In the Lessons 6-4, Misconception #2 No Text Book or Worksheets, I was super curious about ways to create games from worksheets. It talked about Speed dating, and a couple others and shared there would be more information about them below. However, I could not find the links, is this purposeful withholding information ? Or am I looking in the wrong spot and if so can you direct me to where I should be looking?
Also, I find that where I get stuck in the planning and thereby teaching is in anticipating my students methods for solving a problem during the three act. I wonder if in part this is because I was taught in a more traditional math class and as a new math teacher, I am still learning my own flexibility in problem solving. Also, with that I then struggle with how to properly guide the students with my questioning. I notice I fall into a pattern of getting stuck and then in a panic falling back on a more traditional method, even within the three math act framework.
I hoped this course would help me along this journey, while the material has help me grow a ton it has not felt as directly helpful around this particular challenge. I think it is highly likely that when I get back in the classroom I might still be stuck around the above obstacles. Any suggestions on how I can better address these challenges, which I see as 1. better predicting student solving techniques, and 2. how to appropriately question students and hold space for meaningful struggle?
@terri-bello Thanks for the suggestion. However, when I look at that lesson the links are showing for me. Have another look?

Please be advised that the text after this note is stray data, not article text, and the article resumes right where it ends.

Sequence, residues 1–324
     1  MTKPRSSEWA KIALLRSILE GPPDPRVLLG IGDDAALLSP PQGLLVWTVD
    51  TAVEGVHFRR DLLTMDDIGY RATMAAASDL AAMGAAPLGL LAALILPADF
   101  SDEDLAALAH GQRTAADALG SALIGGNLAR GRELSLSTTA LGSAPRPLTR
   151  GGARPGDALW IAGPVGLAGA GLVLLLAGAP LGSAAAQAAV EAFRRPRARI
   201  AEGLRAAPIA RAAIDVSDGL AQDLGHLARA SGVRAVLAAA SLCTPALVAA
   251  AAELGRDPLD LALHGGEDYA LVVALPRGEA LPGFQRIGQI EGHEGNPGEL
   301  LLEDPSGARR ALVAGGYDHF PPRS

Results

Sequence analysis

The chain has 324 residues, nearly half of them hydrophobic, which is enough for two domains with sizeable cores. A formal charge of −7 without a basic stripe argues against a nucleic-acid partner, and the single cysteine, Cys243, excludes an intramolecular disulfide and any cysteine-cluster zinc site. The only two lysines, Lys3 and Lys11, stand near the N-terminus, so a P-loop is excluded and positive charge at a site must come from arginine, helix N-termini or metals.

We’re glad the course has helped you grow a ton, but it’s also a course that’s like a gateway. It opens your eyes on what you could do and how you could change approaches to lesson design.
It sounds like it did just that. It helped you identify where you need to focus your growth next.
To get better at anticipating student solutions I found that I needed to explore myself different ways to represent and model mathematics. As a traditional HS teacher I knew just the one way. It wasn’t until I learned about how to use a number line, or algebra tiles, or ratio tables for example that I could start to see the connections in models so that I could help my students. I also found it super important to know where students were coming from and know where they are going. Knowing the landscape as Cathy Fosnot calls it is super important in deciding on where a student is on their learning trajectory. If we know where they are on that trajectory then we’re better equipped to point them in the right direction.
Having said all of that I also know it will take practice in the classroom and it takes a brave teacher, like yourself, to dedicate time to that practice.
Your possible next steps:
Since you’re an academy member you could take our course on Fundamentals of Math to see the “where are your students coming from part” .
Lesson 5.2 and Lesson 5.3 of the course you just finished tackle strategies to determine the landscape. You could also listen to episode 24 with Cathy Fosnot: https://makemathmoments.com/episode24/
Remember too that we’re here to support you on your journey. Feel free to keep this discussion going. Posting support topics in the Water Cooler area will also gain the attention of members here in the community who will reach out to help as well.